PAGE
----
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Elevated protein levels and altered cellular expression of factor VII-activating protease (FSAP) in the lungs of patients with acute respiratory distress syndrome (ARDS)
  1. Malgorzata Wygrecka (malgorzata.wygrecka{at}innere.med.uni-giessen.de)
  1. University of Giessen Lung Center, Department of Biochemistry, Germany
    1. Philipp Markart (philipp.markart{at}innere.med.uni-giessen.de)
    1. University of Giessen Lung Center, Department of Internal Medicine, Germany
      1. Ludger Fink (ludger.fink{at}patho.med.uni-giessen.de)
      1. University of Giessen Lung Center, Department of Pathology, Germany
        1. Andreas Guenther (andreas.guenther{at}innere.med.uni-giessen.de)
        1. University of Giessen Lung Center, Department of Internal Medicine, Germany
          1. Klaus T Preissner (klaus.t.preissner{at}biochemie.med.uni-giessen.de)
          1. University of Giessen Lung Center, Department of Biochemistry, Germany

            Abstract

            Background: ARDS is characterized by inflammation of the lung parenchyma and alterations of the alveolar haemostasis with extravascular fibrin deposition. Factor VII-activating protease (FSAP) is a recently described serine protease in plasma and tissues, known to be involved in haemostasis, cell proliferation and migration.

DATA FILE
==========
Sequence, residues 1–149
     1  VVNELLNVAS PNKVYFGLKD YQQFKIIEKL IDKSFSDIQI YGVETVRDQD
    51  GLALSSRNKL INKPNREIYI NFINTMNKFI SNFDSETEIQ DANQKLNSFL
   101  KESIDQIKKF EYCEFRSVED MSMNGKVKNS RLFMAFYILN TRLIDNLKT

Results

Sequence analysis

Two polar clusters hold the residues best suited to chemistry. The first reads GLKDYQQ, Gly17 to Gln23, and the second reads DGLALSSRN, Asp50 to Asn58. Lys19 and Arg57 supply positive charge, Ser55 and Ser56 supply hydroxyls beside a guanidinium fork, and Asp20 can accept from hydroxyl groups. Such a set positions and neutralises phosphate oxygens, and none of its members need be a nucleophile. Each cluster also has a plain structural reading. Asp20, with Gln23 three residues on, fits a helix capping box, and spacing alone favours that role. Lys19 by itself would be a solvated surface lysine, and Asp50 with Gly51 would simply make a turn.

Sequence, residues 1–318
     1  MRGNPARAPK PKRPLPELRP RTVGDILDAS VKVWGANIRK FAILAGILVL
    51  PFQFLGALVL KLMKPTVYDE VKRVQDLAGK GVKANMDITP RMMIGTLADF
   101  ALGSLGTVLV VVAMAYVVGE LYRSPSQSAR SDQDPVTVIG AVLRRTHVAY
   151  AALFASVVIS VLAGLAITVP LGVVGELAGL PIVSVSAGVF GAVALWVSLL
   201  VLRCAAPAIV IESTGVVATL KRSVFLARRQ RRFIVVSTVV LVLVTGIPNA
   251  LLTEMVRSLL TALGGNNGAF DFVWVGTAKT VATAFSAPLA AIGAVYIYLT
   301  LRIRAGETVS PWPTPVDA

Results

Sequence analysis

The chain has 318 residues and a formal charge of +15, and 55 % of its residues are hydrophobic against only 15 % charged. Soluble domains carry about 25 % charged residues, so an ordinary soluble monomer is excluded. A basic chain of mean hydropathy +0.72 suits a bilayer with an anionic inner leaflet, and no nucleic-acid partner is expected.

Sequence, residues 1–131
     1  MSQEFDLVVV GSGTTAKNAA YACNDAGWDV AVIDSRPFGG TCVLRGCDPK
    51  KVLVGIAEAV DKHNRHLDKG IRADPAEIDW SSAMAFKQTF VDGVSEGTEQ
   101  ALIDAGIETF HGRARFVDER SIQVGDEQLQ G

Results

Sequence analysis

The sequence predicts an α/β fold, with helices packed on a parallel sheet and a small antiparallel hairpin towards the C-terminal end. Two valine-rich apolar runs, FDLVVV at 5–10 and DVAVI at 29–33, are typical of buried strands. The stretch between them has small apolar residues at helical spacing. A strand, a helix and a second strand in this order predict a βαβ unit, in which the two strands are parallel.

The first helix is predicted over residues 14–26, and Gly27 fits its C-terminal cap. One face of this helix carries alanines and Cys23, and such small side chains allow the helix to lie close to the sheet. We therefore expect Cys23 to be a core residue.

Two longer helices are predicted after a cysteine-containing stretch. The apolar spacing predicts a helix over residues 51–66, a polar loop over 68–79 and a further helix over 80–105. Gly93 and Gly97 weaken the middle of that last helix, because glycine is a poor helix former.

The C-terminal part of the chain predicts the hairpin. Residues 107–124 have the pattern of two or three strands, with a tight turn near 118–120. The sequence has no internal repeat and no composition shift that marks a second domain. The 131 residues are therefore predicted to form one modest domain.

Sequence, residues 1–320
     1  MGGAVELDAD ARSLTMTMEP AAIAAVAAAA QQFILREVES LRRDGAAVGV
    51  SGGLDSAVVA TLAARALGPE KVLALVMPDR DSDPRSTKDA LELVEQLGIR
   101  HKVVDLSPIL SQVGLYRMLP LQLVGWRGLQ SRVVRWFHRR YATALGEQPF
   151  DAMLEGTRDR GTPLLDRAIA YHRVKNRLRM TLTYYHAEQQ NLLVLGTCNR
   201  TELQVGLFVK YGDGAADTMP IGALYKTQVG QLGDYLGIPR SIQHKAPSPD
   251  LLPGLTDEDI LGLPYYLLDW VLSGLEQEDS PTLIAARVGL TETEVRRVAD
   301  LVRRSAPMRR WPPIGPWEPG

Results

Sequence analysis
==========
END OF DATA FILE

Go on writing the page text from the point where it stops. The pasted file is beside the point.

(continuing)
Methods: We investigated FSAP protein (western blotting/ELISA/immunohistochemistry) and activity (coagulation/fibrinolysis assays) in plasma, bronchoalveolar lavage (BAL) fluids and lung tissue of mechanically ventilated patients with early ARDS as compared to patients with cardiogenic pulmonary oedema and healthy controls. Cell culture experiments were performed to assess the influence of different inflammatory stimuli on FSAP expression by various cell populations of the lung.

            Results: FSAP protein level and activity were markedly increased in ARDS plasma and BAL fluids, thus significantly contributing to the increased alveolar procoagulant activity. In ARDS lungs, immunoreactivity for FSAP was observed in alveolar macrophages, bronchial epithelial and endothelial cells, as compared to controls, in which immunoreactivity for FSAP was restricted to alveolar macrophages. Only a low basal FSAP expression was detected in these cell populations. However, LPS and IL-8 induced FSAP-specific mRNA expression in human lung microvascular endothelial and in bronchial epithelial cells. We further demonstrated that FSAP is taken up by alveolar macrophages and degraded within the lysosomal compartment.

            Conclusions: Increased levels and an altered cellular expression pattern of FSAP are found in ARDS lungs. This may represent a novel pathological mechanism contributing to pulmonary extravascular fibrin deposition. In addition, this may modulate inflammation in the acutely-injured lung via haemostasis-independent cellular activities of FSAP.

            • acute lung injury
            • acute respiratory distress syndrome
            • factor VII and single-chain plasminogen activator-activating protease
            • hemostasis
            • hyaluronan binding protein 2

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